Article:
PAUL CRAIG will once again walk into the belly of the Brazilian beast early on Sunday morning – although the notoriously hostile crowd won't intimidate him one bit.
The Scot will walk out to chants of "Uh Vai Morrer" – "you're going to die" in English – when he makes his way to the octagon for his UFC 283 clash with Johnny Walker in Rio de Janeiro.
The iconic chant has been aimed at foreigners fighting Brazilians in their own backyard for the best part of two decades and has become synonymous with the sport.
But the vitriol behind the chant won't be anything new for Airdrie Assassin Craig, who first came to hear it three years ago when taking on MMA legend Shogun Rua in Sao Paulo.
He told SunSport: "For me, the sport is all about memories and experiences and what happens in there.
"I'll never forget walking out in Sao Paulo and they were going crazy. Whatever the chant they were signing – 'You're gonna die.' It was brilliant.
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"I've got a video where you can just hear them chanting this and all you hear is, 'You're gonna die Craig!'
"It was absolutely tremendous as I'm walking around trying to look tough. But see by the end of that fight – Brazil, I think is very much like the UK.
"If you put on a performance, the fans will get behind you.
"It doesn't matter if you're going up against the British or [Brazilian guy] and you're not the hometown hero.
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"If you put on a performance, the fans will give you it back.
"See as soon you're walking out of that octagon, the fans will be right behind you. And that's what it was like in Brazil."
He added: "When I put the first round on Shogun and I felt like I won that fight. It went to a decision, a draw, not the worst [thing] that can happen in Brazil.
"But the fans were loving it, the fans were right behind me. The place was just electric and I believe it's going to be the same for this fight."
Not having to mentally prepare for the most hostile fan base in the sport has allowed Craig to focus solely on strategising for the dangerous Walker, although devising a gameplan for the erratic Brazilian has proven to be somewhat difficult.
Craig said of his opponent: "He came to the scene and he was just knocking people out and he was just swinging.
"And just creating crazy memes where he busts his shoulder doing the worm and this kind of thing.
"A great character for the sport. He's very tall, very athletic and very powerful, but what he doesn't have is that ability to be composed.
"We saw that against Hill when he catches him that shot and he just falls back.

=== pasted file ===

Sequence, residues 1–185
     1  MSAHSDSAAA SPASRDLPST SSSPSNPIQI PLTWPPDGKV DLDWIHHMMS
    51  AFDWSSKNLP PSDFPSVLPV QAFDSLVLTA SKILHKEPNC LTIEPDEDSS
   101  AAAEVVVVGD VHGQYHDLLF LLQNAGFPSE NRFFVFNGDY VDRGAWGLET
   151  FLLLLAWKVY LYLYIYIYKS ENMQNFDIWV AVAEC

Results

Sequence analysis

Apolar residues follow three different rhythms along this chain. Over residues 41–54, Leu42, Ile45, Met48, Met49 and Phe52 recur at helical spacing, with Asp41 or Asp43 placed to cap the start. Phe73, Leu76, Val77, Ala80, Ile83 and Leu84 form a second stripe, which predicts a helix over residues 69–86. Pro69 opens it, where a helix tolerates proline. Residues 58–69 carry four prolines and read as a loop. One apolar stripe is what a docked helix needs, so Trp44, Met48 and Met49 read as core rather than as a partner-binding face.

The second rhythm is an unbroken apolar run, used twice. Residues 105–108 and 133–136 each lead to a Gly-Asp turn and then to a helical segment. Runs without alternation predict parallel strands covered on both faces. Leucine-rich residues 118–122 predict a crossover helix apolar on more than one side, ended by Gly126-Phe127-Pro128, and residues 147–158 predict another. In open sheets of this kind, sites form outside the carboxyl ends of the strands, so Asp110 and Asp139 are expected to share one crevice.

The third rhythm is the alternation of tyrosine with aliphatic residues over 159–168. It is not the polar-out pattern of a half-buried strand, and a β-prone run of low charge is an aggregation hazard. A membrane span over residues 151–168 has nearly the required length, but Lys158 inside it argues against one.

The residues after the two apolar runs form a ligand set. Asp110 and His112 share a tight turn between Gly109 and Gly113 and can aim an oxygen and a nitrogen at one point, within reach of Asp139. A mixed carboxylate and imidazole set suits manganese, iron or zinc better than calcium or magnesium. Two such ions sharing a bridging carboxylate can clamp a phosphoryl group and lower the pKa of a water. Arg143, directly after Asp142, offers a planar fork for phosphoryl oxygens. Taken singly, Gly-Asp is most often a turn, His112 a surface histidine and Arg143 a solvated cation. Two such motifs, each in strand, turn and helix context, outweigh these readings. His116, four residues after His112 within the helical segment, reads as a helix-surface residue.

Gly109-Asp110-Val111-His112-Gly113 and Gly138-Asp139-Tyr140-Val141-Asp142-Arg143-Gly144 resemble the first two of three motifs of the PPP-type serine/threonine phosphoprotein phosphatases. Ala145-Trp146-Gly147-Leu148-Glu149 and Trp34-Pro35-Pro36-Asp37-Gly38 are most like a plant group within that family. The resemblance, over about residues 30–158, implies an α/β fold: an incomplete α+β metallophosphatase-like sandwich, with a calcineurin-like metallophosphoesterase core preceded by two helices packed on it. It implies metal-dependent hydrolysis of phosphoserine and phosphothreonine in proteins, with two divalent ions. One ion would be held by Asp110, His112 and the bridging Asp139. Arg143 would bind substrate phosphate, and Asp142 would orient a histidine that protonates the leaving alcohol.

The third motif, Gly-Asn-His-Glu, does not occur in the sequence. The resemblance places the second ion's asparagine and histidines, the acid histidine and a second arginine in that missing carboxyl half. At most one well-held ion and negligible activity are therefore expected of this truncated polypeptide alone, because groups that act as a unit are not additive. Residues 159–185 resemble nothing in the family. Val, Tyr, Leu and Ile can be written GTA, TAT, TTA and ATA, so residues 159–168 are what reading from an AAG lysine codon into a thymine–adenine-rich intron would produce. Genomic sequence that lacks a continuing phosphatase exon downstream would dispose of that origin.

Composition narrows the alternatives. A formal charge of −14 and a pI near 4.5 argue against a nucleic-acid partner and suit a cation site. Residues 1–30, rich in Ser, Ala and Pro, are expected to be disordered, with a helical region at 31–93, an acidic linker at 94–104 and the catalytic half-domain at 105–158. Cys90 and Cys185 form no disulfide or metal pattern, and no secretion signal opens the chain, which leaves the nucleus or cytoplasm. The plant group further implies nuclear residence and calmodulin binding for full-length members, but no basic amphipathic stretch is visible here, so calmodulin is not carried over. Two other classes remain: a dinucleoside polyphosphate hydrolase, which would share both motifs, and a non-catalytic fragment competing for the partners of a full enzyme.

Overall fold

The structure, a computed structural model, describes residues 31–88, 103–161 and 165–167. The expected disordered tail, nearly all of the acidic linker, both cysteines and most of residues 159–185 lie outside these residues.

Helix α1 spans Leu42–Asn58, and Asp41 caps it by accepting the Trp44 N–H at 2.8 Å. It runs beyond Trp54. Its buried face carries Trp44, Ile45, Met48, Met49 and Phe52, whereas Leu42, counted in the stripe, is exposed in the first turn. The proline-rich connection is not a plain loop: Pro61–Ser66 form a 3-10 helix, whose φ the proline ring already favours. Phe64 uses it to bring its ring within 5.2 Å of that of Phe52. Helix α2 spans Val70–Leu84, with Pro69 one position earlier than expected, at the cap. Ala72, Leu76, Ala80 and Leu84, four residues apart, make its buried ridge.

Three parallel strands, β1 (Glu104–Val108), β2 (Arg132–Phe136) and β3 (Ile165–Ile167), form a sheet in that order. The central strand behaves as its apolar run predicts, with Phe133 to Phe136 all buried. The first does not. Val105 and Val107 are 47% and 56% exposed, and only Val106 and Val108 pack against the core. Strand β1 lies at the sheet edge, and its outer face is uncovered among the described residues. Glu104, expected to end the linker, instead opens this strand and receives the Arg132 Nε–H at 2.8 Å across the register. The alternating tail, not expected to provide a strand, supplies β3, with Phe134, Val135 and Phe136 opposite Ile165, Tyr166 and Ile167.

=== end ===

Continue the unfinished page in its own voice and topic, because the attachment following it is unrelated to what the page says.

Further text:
"He makes mistakes and I believe that's where we'll capitalise as long as we stay tight and don't get caught with anything silly.
"When he rushes forward, we've got two options: we either strike him or take him down. And that's what we're looking to do.
"That's what we've spent the last few months looking at beating him at his craziness.
"He goes crazy, we capitalise on that. That's what we're looking for. We want him to be that erratic."
Craig's first outing of the year could very well have had title implications had he got past Volkan Oezdemir at UFC London in July, who snapped his impressive four-fight win streak.
He said: "I do believe if that last fight went a different route, a victory over Volkan in London in the summer, we may have been sat here talking about a title contender's shot.
"Jamahal Hill's got that fight right now and [Magomed] Ankalaev fought [Jan] Blachowicz last month. And they're two guys that I've beat.
"Who knows what would've happened? But it's that saying, 'Shoulda, woulda, coulda."
With the benefit of hindsight, Craig can't help but think his lack of a head coach contributed to losing arguably the biggest fight of his mixed martial arts career.
He admitted: "I probably shouldn't have taken the fight because I hadn't sorted my affairs.
"As I said, I was a nomad – floating from gym to gym and going down south and training with Tom Aspinall, Phil De Fries and Mickey Parkin, but I just had no direction."
The dream of becoming the first Scot to compete and win UFC gold, however, is still well and truly alive for Craig.
But he knows he needs to make a major statement against Walker if he's to breathe serious new life into his title aspirations.
He said: "The path right now is to get through Johnny Walker. And it can't just beat Johnny Walker in three rounds and look comfortable.
"It needs to be a performance. I think I've said this to you before. The UFC only care are you able to entertain the fans.
"What do the fans want? It's an entertainment business, first and foremost. Fighting is something we do to entertain fans.
"You'll not get a title shot if you're not entertaining fans. So that's what I need to do going into Brazil.
"I need to put on a performance, put a hurt on Johnny Walker and stop him within three rounds."
Flashy striker Walker will no doubt draw strength from the Rio crowd as he bids to register consecutive wins for the first time in nearly four years.
But Craig believes the pressure of fighting in front of his loved ones and rabid countrymen could have the opposite effect on the charismatic clubber.
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He said: '"Johnny Walker is quite an emotional guy, all that explosiveness [and energy], I think it might consume him.
"I think the bright lights might get to him."
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